Thus, the health of a democracy, the prospects of a democratizing polity can be measured through two variable relationships: between majorities and minorities and between the ‘ins’ and the ‘outs’.


Presented at the 9th APISA Annual Conference, Phnom Penh, Cambodia (September 11-12, 2015). Not for citation; comments are welcome and could be sent to or


Strong firewall?.

President Benigno Aquino III delivering his SONA

President Benigno Aquino III delivering his SONA

Today is another State of Nation Address (SONA) day in the Philippines.

The SONA is supposed to be a report of the country’s chief executive on his government’s accomplishments over the past year as well as his plans for the future. In the case of President Benigno S. Aquino III, his plans for the remaining years of his term.

Sadly, the SONA had been transformed into something less than that. For one, the exercise has become a fashion spectacle, an obscene, ostentatious and insensitive display of wealth, pomp, and bad taste in the midst of hunger and poverty.

Second, it became a game of up-onemanship, a swell pissing contest. A president will list his accomplishments and declare he did more than his predecessors or all other previous administrations combined. What should he do that? He is not eligible to run for re-election anyway. Why can’t a president talk and report to the nation as the President of all Filipinos and not as leader of his party? After all, the members of the opposition are fellow Filipinos, fellow citizens, and thus also his constituents.

After President Fidel V. Ramos, all chief executives have been put on the defensive sometime during their presidency and it has limited their effectivity.

President Joseph “Erap” Estrada faced accusations of grand corruption and tried to parry his political opponents by launching a war against the MILF in Mindanao. Eventually, he was impeached and removed by another people power insurrection.

Following the revelation of her taped conversations with a top COMELEC official suggesting that the count be tampered in her favor, President Gloria Macapagal-Arroyo was put on the so-called “survival mode”.

This time around, President Noynoy Aquino has to deal with a Supreme Court decision that declared his Disbursement Acceleration Program (DAP) (or budget impounding schemes, as other would have it) unconstitutional. He chose to go on an offensive short of calling the Supreme Court as the obstruction to his progressive reforms. He says he will follow processes and file a motion for reconsideration with the Court. Then, he commits the gaffe of accusing the Court of committing the same proscribed cross-border transactions when in fact, the Court did not.

In today’s SONA, will the President continue to be defensive or defiant even? Or will he now, among others invite the nation, including the opposition, to support plans and programs in key areas such completing the peace process with the MILF, the rehabilitation of victims of the horrendous calamities that visited our country in recent years and the reconstruction of their habitat, and preparing the country for ASEAN Integration 2015?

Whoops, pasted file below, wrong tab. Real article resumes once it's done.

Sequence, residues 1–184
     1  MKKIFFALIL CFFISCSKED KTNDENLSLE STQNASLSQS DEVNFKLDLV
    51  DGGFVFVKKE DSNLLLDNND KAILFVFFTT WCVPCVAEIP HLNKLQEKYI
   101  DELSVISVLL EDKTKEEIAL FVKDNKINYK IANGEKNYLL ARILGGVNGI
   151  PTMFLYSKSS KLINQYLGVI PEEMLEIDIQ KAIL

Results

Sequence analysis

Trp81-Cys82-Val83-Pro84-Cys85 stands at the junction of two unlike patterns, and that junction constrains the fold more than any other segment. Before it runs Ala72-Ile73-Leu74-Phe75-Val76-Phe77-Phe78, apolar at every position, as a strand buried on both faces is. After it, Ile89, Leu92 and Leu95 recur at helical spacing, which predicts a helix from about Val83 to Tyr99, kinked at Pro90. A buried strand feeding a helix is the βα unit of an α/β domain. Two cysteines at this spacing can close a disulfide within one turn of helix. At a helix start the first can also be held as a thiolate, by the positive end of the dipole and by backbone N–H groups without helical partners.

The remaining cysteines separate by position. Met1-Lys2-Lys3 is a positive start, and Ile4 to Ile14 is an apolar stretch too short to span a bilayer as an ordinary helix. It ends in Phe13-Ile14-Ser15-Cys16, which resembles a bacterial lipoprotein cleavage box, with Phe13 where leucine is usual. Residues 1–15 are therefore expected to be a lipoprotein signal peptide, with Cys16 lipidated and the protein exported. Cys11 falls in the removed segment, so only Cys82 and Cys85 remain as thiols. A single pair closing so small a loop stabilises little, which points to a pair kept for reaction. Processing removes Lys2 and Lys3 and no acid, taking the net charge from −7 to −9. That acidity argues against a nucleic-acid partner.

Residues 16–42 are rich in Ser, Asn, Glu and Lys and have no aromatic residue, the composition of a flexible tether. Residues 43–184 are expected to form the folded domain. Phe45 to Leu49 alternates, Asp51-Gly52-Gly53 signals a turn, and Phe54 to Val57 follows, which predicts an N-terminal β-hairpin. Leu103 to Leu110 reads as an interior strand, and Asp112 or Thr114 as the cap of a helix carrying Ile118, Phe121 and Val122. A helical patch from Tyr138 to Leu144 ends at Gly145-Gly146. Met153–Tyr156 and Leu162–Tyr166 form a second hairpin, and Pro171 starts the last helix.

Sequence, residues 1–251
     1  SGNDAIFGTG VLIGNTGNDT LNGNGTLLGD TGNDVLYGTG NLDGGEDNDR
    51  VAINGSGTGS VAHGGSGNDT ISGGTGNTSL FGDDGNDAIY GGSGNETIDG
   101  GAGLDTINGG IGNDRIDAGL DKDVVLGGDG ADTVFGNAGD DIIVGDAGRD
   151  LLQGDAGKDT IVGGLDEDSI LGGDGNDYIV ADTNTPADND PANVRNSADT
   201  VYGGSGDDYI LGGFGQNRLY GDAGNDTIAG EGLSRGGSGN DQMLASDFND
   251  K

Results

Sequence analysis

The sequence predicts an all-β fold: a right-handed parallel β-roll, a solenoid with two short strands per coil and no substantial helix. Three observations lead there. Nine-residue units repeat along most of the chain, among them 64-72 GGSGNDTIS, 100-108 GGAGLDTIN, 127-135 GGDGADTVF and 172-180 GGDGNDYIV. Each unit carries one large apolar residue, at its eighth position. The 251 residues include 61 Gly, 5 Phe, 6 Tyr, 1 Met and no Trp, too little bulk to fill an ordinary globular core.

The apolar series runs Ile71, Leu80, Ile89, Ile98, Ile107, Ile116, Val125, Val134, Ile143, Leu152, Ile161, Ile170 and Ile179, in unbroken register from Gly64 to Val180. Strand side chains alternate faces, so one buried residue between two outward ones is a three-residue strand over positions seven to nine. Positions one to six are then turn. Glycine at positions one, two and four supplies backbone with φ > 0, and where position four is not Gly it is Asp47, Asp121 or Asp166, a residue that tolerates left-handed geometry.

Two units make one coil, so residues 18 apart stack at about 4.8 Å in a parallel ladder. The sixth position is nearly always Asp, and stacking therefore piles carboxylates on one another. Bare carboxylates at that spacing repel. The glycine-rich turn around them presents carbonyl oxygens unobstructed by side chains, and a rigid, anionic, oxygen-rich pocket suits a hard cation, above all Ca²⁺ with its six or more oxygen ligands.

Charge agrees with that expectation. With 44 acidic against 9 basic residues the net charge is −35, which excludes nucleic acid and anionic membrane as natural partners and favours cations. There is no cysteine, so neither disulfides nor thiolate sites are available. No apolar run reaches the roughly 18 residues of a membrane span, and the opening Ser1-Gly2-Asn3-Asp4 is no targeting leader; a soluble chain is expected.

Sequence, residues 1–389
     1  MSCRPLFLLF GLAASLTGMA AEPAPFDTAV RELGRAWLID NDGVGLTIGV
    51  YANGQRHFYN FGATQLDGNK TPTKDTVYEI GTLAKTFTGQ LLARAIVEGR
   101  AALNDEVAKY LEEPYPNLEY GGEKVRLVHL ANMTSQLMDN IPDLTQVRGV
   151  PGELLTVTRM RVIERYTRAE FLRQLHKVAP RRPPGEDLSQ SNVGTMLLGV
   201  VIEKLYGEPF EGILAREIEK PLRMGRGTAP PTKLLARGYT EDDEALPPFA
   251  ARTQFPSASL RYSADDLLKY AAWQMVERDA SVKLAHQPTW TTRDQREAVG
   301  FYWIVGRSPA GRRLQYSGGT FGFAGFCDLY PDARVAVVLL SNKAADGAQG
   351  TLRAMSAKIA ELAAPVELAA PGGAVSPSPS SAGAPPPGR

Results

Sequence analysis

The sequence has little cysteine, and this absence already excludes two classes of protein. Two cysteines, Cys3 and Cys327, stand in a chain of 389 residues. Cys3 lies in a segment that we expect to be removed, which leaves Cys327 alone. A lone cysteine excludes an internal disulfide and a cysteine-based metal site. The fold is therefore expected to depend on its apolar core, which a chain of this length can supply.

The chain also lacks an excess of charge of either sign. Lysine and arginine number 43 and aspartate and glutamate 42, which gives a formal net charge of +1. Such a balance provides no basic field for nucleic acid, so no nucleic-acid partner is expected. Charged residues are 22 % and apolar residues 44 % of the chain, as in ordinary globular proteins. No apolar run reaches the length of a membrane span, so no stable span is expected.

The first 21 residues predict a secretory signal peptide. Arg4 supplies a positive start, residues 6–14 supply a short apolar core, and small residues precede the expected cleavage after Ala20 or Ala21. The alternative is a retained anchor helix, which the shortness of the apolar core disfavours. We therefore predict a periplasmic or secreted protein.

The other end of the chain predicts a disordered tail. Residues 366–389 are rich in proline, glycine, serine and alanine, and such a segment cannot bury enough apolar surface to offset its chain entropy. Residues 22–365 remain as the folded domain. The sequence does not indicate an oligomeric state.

Will he president of all Filipinos or will he remain narrowly partisan? Will he dig in behind his defensive moat or will he reach out to build unity of purpose?

Pro-administration Team Pnoy senatorial slate

Pro-administration Team Pnoy senatorial slate

The campaign period for the May 2013 by-elections has started.  It is probably the best time to review what we (should or already) know about elections in the Philippines.   

UNA: opposition senatorial slate

UNA: opposition senatorial slate

  1. Even if the Philippines is in the tropics, it also has four seasons like temperate countries. It has a dry and a wet season.  And there’s the Christmas season–purportedly the longest Christmas celebration in the world.  It starts in September and ends in early January of the following year.  Last but not least is the election season, which starts in January and ends in the middle of May.  Note that the election season almost immediately follows Christmas for a seamless stream of festivities.  Formally, elections are held only every three years.  However, politicians (incumbents especially) usually behave as if elections will be held tomorrow.  So they preen, and they tidy up, and they put their best foot forward, and dispense all kinds of goodies to constituents.
  2. There are only two kinds of politicians in Philippine elections: the winners and the cheated.  Instead of conceding gracefully, the default behaviour of losing candidate is to claim the occurrence of fraud in favour of the winning candidate.
  3. Even if the Philippines is the oldest democracy in Asia, it took more than a century to modernize the way we vote and count votes.  Younger Asian democracies (with larger populations) like India had started using electronic voting machines since 1999.  In contrast, the Philippines adopted similar machines on a nation-wide basis only in 2010.  In both countries, though, the credibility of the voting machines rests on an independent verification system  designed to allow voters verify that their votes were cast correctly, to detect possible election fraud or malfunction, and to provide a means to audit the stored electronic results. Since every election in the Philippines is governed by a specific law, the continued use of voting machines is not assured. 

    Liberal Party: head of the ruling coalition

    Liberal Party: head of the ruling coalition

  4. The Philippine Constitution provides for a multi-party system, which is actually more fit for a parliamentary system.  While multiple parties exist in name, most of them are mere vehicles for electoral bids of key politicians. There is no prohibition on party switching and voters do not penalize politicians who switch